Libertarian sectarians should ask themselves seriously: do we want victory? If we really want victory for liberty, then we must employ the means necessary for its attainment, and it looks as if political action will be one – though by no means all – of those necessary means. And so Mailer for Mayor.

Murray N. Rothbard (1926–1995) was the author of Man, Economy, and State, Conceived in Liberty, What Has Government Done to Our Money, For a New Liberty, The Case Against the Fed, and many other books and articles. He was also the editor – with Lew Rockwell – of The Rothbard-Rockwell Report.

Copyright © 2005 Ludwig von Mises Institute
All rights reserved.

6 comments

  1. This sounds like something that needs more development and fleshing out. It would be hard to win over those neighborhoods that already enjoy a lot of city resources and attention (the good kind.) A culturally relevant approach is necessary; much like what I envision with decentralized clans/tribal nations is culturally relevant to American Indians.

    I’ve started to talk to a lot of people in Portland, OR about zoning, permitting, etc. and personally know a number of people who are being harassed at the city level for trivial permitting and zoning issues. I’m trying to figure out my best outlet for any writing I do on such matters; ATS/TDA won’t give me the local attention that’s needed. I’ll likely start submitting editorials/opinion pieces to the neighborhood papers.

    A dedicated site exposing and highlighting these sorts of stories might be a good avenue. For instance; my midwife’s husband is facing a $10,000 permit fee to apply for rezoning of his cafe to commercial (which they could reject.) Until then he’s facing a $600/day fine after 30 days. A site that gathers and runs these sort of stories nationwide would reach a lot of people who would otherwise not read an anarchist site like ATS or TDA. It could also run stories on street and neighborhood level problem solving, networking, etc. I could also see it covering and cross posting TDA style counter economic activity at the local level and decentralized manufacturing as those start to develop.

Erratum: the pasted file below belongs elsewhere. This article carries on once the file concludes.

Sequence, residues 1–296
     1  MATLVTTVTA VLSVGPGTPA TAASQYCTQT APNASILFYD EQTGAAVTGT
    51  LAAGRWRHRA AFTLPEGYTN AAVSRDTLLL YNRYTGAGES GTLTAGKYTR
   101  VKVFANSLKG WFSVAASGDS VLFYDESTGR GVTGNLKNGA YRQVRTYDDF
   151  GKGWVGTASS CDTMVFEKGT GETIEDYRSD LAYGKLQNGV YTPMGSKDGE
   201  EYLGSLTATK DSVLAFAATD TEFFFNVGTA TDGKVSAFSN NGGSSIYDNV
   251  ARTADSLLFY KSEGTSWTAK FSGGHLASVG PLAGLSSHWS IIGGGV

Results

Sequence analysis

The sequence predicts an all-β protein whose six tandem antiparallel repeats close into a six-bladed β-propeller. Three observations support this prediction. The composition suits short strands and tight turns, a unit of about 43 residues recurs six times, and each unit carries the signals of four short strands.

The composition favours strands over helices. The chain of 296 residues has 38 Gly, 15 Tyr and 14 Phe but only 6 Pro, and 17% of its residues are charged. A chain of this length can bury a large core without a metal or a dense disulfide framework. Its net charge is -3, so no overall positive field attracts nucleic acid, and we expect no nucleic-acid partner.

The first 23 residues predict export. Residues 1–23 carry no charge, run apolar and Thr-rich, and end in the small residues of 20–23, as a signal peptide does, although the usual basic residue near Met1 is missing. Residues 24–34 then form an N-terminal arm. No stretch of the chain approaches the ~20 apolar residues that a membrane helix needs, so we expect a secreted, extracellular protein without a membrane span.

Our army needs more volunteers.

  2. Here’s my strategy.

    The background: I live in a small town (30,000) in rural England. The town has a long history of fairly radical politics, and this is England so we’re talking about (in no particular order) being on the Parliament team in the Civil War, fighting the state for free town status in the Medieval Period (when it also joined the proto secessionist Hanseatic League), playing a fairly prominent role in the establishment of dissident religious colonies in some place called America, being a centre of protestant radicalism for about 300 years and being deeply involved in a long running luddite campaign against the draining of the local marshes. The most recent expression of these long standing radical tendencies was the election a locally based independent group to run its town council in 2007.